Signs of the South from A Long Weekend in Myrtle Beach Slideshow

A Long Weekend in Myrtle Beach Slideshow

Kelly Alexander

Signs of the South

A crate of fresh-picked okra at the gourmet grocery store Lee's Farmer's Market on Murrells Inlet in Myrtle Beach reminds tourists they're still in the South.

Kelly Alexander

Victorian Charm

The Brentwood Restaurant in Little River, S.C., is situated in a Victorian-style home originally built in 1910.

Kelly Alexander

French Connection

Brittany-born chef Eric Masson decorates his dining rooms at The Brentwood Restaurant in Little River, S.C., with murals he makes himself from antique and vintage silver cutlery.

Kelly Alexander

Sea Shanty

Mr. Fish is a classic beach place with an attitude: You can get your fish and shrimp and oysters fried, blackened, grilled, or sautéed, like in any good sea shanty, but you can also get fish tacos, a "tower" of fried green tomatoes with fried shrimp, or a cup of smoky cumin-spiked chili with toothsome chunks of tuna filet.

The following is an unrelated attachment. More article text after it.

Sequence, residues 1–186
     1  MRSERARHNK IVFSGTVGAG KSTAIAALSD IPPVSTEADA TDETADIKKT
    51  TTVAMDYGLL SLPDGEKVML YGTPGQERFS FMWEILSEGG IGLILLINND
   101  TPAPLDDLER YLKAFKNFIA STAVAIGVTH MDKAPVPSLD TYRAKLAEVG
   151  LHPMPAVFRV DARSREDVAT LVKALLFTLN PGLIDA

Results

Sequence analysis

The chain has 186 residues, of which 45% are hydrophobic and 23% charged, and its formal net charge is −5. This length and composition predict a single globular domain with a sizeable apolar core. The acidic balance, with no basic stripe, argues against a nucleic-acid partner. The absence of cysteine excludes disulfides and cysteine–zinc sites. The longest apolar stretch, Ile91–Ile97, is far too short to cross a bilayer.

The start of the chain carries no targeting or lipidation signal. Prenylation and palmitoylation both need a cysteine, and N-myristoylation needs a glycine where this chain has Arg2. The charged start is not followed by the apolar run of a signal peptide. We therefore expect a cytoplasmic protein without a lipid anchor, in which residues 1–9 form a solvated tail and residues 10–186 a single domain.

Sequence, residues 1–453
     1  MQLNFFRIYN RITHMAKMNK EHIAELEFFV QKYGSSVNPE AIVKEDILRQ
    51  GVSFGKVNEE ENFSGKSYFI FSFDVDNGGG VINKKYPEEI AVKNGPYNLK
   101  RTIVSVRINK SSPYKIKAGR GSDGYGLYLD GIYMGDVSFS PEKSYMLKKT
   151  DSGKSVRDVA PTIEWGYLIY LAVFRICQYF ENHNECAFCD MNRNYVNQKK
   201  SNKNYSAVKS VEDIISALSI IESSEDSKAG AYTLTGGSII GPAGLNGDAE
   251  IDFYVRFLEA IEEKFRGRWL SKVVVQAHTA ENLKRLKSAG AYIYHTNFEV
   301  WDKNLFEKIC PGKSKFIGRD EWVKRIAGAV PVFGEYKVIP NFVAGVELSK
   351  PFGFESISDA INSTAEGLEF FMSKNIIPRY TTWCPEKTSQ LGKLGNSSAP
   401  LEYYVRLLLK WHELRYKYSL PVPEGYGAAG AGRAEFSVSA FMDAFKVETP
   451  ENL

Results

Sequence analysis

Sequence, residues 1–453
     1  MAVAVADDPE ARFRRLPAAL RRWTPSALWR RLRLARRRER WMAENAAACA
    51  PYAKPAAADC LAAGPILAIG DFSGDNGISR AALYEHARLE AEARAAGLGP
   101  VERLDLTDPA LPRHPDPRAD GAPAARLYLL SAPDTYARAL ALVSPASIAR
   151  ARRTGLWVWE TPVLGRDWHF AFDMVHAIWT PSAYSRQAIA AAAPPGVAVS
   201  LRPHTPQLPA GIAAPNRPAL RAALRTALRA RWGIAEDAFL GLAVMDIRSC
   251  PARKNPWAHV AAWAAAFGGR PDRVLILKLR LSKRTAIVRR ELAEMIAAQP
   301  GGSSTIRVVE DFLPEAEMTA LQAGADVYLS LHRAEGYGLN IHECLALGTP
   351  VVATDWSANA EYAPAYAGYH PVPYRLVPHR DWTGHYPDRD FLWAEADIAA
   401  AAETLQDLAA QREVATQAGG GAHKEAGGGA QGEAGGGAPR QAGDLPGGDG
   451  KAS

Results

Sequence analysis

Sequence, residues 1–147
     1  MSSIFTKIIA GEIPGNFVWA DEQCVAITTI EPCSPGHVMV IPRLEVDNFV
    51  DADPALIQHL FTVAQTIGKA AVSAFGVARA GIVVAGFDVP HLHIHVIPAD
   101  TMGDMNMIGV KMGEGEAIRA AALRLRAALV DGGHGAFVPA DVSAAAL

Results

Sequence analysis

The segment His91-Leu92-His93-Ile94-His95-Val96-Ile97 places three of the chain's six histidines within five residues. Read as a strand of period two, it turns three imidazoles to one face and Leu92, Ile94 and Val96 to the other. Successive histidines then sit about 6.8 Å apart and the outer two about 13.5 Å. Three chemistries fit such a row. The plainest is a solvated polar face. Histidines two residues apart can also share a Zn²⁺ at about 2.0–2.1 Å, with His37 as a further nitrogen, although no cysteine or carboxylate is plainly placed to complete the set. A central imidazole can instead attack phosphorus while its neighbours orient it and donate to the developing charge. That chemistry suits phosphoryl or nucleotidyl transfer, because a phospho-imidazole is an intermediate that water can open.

Kelly Alexander

Modern Myrtle Beach

Southern chef Louis Osteen dips into Italian tradition — and modern restaurant trends — with his veal and ricotta meatball sliders. 

Kelly Alexander

Catch Mr. Fish

Mr. Fish says he got the idea for this butter pecan cream pie on a crust of sweetened grits when he was laid up with a bum knee watching Paula Deen; "I thought, I can make a pie with a grit cake on the bottom better than hers!"

Kelly Alexander

Southern Comfort

Dessert at Louis's at Sanford's sometimes consists of the chef's upscale take on the Southern fried pie position: mini "half-moon" fried peach pies with vanilla bean ice cream.

Kelly Alexander

Chat’n’Chew

Lee's Farmers Market on Murrells Inlet is indeed a farmers' market, but it's also a gourmet grocery, a topnotch deli, a wine shop, and a joint locals frequent for a good chat'n'chew session with their neighbors.

Kelly Alexander

Lee's Farmers Market

Lee's Farmers Market is a brick-and-mortar building with a ragtag assortment of gourmet groceries and deli (including imported pastrami and corned beef from Manhattan’s Carnegie Deli, a thrilling enticement for both visiting and relocated Yankees); local in-season produce; a truly impressive array of dried beans, imported spices, and condiments; and many, many other products from hither and yon.

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A Long Weekend in Myrtle Beach Slideshow